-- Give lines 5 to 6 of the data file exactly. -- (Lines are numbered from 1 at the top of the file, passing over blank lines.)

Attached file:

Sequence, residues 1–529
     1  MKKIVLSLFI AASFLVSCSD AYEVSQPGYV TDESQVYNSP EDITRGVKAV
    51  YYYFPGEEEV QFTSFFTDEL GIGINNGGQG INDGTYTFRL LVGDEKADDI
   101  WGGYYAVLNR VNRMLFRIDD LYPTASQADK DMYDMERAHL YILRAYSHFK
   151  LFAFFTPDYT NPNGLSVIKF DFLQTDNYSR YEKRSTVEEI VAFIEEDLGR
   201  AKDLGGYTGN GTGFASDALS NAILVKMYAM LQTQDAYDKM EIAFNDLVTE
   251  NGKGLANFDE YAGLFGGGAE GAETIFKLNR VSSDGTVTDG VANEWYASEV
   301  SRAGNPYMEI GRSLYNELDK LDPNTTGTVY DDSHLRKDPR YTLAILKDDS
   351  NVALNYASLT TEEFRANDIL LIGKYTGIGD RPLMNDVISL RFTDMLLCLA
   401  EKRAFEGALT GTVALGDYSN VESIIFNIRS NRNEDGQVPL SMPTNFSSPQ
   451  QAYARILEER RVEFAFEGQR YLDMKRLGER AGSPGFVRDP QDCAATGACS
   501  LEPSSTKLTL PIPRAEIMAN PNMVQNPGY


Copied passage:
   151  LFAFFTPDYT NPNGLSVIKF DFLQTDNYSR YEKRSTVEEI VAFIEEDLGR
   201  AKDLGGYTGN GTGFASDALS NAILVKMYAM LQTQDAYDKM EIAFNDLVTE